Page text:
Of course, not everyone likes Microsoft. So, it is not a secret that Microsoft does not have a favorable view in the open-source community (or maybe they’ve started liking the open-source community, who knows?).
Whether you hate Microsoft, or just don’t like GitHub as a platform, the good news is, you have plenty of alternatives!
And this is why I want to suggest some of the best GitHub replacements, where you can host your Git repositories.
The focus here is on GitHub alternatives that offer some sort of free service. GitHub was popular for its free plan. There are several Git repository hosting services, but not all of them provide a free option in their packages.
This list also includes some self-hosted tools, so if you are not a fan of managed hosting services, you might want to look at those.
GitLab is the number one choice to replace GitHub. It provides almost the same level of experience and features. In some cases, GitLab might be a superior option.
Best of all, GitLab is open-source software. You can download and install it on your server.
Many open-source projects have already been using GitLab. GNOME and GIMP are some examples.
It’s easy to migrate your project from GitHub as well. So, numerous existing projects switched to GitLab when Microsoft acquired GitHub.
You can self-host or opt for GitLab’s premium managed service. Here’s the pricing structure if you want to host at GitLab’s servers.
It can be expensive for some. So, you can try using a cloud service like Digital Ocean that provides one-click installation of GitLab (affiliate link). With this, you can run your GitLab instance for about $20 per month (depending on your minimum requirements) and can have unlimited users collaborate. Digital Ocean also gives $200 free credit to new users.
You can read this tutorial to see how easy it is to deploy GitLab on Digital Ocean servers in minutes.
Bitbucket is a version control repository hosting service from Atlassian. It is tightly integrated with other Atlassian project management tools like Jira, HipChat, and Confluence. This makes it a preferred choice for big enterprises.
But you do not have to be a big enterprise to use Bitbucket. It has offers something for everyone.
A free plan to get started, and premium plans for professionals and more features.
Open-source projects with more than five members can still use BitBucket for free. All you have to do is apply for community license and adhere to Atlassian’s open-source guidelines.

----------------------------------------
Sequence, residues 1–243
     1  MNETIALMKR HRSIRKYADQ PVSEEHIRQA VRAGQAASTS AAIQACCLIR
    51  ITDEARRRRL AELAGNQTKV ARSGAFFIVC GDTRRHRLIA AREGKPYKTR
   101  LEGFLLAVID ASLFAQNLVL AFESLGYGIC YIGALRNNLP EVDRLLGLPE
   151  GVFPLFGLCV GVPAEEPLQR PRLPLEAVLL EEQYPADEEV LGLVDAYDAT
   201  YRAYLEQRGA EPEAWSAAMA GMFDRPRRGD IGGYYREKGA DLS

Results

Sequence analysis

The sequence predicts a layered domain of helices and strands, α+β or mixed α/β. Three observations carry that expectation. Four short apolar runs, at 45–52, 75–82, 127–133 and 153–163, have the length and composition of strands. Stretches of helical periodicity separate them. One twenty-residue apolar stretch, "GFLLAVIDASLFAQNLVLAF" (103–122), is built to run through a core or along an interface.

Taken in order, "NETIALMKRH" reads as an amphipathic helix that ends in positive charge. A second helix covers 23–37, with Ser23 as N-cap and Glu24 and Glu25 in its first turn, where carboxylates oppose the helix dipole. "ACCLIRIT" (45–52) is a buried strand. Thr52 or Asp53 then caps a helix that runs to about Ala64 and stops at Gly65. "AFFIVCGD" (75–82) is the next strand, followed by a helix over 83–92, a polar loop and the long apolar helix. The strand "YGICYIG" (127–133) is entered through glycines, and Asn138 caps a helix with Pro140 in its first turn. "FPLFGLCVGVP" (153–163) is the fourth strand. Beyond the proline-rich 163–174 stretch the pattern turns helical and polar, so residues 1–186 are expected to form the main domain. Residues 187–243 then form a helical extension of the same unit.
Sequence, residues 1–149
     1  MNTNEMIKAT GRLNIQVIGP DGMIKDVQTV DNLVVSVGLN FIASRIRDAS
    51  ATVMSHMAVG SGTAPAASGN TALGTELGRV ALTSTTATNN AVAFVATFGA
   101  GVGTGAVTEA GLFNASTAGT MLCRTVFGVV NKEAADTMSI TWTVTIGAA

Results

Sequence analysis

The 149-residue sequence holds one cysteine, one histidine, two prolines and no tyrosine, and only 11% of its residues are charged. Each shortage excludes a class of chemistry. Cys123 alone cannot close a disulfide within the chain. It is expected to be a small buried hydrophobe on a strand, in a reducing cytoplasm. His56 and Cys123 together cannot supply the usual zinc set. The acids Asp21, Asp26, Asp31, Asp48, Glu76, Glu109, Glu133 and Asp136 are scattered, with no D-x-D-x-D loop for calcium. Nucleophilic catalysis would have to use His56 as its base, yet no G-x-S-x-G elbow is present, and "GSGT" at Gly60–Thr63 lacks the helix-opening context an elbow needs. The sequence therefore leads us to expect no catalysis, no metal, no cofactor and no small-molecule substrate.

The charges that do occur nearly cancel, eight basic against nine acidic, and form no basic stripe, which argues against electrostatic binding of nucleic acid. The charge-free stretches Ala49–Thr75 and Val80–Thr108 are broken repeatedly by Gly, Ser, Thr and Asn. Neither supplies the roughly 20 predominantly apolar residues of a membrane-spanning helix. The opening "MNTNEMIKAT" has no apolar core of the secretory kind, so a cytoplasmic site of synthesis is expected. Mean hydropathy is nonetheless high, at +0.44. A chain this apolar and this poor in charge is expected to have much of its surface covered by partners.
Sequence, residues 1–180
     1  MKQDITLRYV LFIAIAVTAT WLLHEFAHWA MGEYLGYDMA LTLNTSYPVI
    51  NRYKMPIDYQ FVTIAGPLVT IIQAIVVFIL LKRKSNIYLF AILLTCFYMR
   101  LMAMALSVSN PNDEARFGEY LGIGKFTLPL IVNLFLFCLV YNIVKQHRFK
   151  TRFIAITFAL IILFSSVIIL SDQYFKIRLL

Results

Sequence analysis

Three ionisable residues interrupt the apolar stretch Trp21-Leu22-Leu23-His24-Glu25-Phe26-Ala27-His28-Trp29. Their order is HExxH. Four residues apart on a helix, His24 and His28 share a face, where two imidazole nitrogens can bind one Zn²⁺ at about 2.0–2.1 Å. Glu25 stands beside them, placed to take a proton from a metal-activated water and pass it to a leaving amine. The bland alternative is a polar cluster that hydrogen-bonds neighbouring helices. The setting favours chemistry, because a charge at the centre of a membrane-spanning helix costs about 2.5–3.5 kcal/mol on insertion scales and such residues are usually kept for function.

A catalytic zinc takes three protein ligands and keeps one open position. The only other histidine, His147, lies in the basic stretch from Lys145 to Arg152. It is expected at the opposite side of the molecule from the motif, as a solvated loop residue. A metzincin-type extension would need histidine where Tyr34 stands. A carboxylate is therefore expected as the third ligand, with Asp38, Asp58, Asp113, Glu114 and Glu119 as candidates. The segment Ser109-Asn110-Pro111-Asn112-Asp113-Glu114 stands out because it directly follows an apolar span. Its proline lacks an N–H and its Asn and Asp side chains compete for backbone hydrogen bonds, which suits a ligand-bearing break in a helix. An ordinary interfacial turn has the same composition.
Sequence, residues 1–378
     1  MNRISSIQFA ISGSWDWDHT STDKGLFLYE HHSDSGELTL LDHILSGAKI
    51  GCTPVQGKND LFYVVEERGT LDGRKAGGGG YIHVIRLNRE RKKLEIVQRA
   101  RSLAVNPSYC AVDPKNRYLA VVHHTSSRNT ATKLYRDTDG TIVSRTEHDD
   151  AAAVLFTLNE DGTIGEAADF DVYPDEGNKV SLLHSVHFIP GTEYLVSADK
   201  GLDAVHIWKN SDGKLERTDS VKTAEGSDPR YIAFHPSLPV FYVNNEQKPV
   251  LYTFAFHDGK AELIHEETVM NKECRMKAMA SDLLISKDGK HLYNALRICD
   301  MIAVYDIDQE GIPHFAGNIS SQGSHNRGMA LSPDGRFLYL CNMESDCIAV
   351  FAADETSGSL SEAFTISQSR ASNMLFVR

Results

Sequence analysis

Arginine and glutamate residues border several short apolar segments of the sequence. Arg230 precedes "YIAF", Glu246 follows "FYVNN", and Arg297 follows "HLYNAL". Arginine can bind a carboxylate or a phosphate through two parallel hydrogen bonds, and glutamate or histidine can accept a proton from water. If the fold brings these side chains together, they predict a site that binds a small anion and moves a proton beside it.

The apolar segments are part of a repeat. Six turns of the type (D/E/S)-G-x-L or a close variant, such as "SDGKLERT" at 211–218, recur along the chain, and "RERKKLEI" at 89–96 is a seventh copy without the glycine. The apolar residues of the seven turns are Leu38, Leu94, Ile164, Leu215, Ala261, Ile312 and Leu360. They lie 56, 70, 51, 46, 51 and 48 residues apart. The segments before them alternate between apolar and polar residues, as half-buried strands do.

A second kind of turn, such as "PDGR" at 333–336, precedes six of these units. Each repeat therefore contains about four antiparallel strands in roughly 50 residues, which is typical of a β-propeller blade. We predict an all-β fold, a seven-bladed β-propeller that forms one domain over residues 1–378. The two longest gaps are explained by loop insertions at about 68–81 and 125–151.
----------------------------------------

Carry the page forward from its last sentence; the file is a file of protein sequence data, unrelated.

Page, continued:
You can also opt for its self-managed offering “Bitbucket Data Center” but it is available for a 30-day free trial period. You need to purchase a license key if you need to use it over its cloud offerings.
SourceForge is a popular name on the list of GitHub alternatives.
SourceForge has been popular among open-source projects. It may not be the most modern solution, but it provides essential features for collaboration and distribution of open-source software.
Many Linux distributions and projects provide their downloads through SourceForge. It enables developers to create open-source projects by providing all the necessary tools.
SourceForge’s popularity got hit when GitHub became a popular option. However, under the new leadership of Logan Abbott, SourceForge managed to regain its spot in open-source code hosting.
For GitHub migrants, SourceForge provides tools to import entire GitHub repositories or selected repositories into existing projects. This video shows how to use this tool:
Launchpad is a software collaboration platform by Canonical, the parent company of Ubuntu. Launchpad is extensively used by Canonical and projects around Ubuntu. It has been instrumental in providing the PPA and bug tracking for Ubuntu related projects.
Though Launchpad has been on the scene for years, it has not gained as much popularity as the other GitHub alternatives on the list. It has been typically seen as an ‘Ubuntu stuff’.
That being said, Launchpad has good support for Git. You can host or import Git repositories on Launchpad. And this is entirely free.